While the rise of social media also gave rise to the level of trust we put in the great unwashed (aka, friends, peers, and other people just like us), that now seems to be leveling off, according to this LA Times article. It looks at the Edelman Trust Barometer's latest findings:
According to the survey, since 2008 the number of people who view their friends and peers as credible sources of consumer and business information dropped by almost half, from 45% to 25%. Similarly, in the past year, the number of people who view peers as credible spokespersons also slipped. Even more strikingly, however, after a precipitous decline earlier in the decade, informed consumers have regained trust in traditional authorities and experts.
Blame the increasing professionalization of social networking sites as companies have climbed on board, and way too much irrelevant noise from just about everyone (myself included -- sorry!). Also from the article:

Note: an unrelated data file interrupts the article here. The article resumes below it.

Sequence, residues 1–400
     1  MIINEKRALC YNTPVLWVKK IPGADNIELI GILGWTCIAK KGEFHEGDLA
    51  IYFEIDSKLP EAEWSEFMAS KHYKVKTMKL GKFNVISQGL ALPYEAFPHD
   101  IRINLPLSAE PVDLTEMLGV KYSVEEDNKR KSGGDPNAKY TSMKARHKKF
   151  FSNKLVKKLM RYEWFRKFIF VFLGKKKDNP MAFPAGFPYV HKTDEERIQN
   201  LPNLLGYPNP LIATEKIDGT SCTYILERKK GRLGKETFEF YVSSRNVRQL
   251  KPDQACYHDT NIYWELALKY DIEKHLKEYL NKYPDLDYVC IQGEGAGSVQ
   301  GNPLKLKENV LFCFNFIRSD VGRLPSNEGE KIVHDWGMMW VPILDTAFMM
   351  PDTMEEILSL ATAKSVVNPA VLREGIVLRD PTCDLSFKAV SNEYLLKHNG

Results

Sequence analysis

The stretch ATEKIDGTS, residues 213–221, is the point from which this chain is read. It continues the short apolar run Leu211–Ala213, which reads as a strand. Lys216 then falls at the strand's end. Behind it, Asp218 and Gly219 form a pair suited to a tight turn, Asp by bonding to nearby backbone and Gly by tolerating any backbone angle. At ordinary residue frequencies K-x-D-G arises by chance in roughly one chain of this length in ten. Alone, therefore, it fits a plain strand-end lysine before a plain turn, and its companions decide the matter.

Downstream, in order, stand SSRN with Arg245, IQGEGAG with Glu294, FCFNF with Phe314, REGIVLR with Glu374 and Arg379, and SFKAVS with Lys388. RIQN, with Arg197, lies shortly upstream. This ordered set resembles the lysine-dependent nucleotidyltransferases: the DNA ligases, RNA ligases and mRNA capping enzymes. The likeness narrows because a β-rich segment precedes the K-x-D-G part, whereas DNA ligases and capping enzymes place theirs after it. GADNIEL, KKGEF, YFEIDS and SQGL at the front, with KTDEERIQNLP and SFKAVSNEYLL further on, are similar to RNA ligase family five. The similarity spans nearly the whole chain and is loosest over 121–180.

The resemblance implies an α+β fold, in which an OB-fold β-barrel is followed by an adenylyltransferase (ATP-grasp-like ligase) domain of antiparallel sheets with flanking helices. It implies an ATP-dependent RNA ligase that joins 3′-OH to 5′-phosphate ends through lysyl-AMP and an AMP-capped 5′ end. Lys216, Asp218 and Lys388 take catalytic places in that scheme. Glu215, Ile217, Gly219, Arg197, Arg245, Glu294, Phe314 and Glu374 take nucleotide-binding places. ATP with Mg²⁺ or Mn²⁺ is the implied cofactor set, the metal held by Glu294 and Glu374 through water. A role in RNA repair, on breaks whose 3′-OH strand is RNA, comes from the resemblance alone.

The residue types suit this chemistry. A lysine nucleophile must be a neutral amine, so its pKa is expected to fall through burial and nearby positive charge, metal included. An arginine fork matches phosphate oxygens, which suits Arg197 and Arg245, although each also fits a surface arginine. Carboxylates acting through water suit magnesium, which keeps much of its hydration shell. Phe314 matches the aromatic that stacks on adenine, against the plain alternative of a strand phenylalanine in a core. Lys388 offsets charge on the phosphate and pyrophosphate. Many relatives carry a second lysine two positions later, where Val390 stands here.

After indulging the thoughts and opinions of anyone who was "just like me," it seems that people are now looking for a firmer guarantee of clarity, objectivity and accuracy.
I'd like to add to the mix that social media has also spawned a whole new crop of experts who have risen above the "just like me" level while still feeling more like a friend and peer than an aloof expert (think Jeff Hurt, for just one of many in this business).
Does this mean that people now will translate this to the face-to-face environment, with participants wanting fewer peer-to-peer sessions, unconferences, and roundtables and more expert-delivered lectures? Geez, I hope not, but it does make me wonder. (Thanks to Lisa for the pointer!)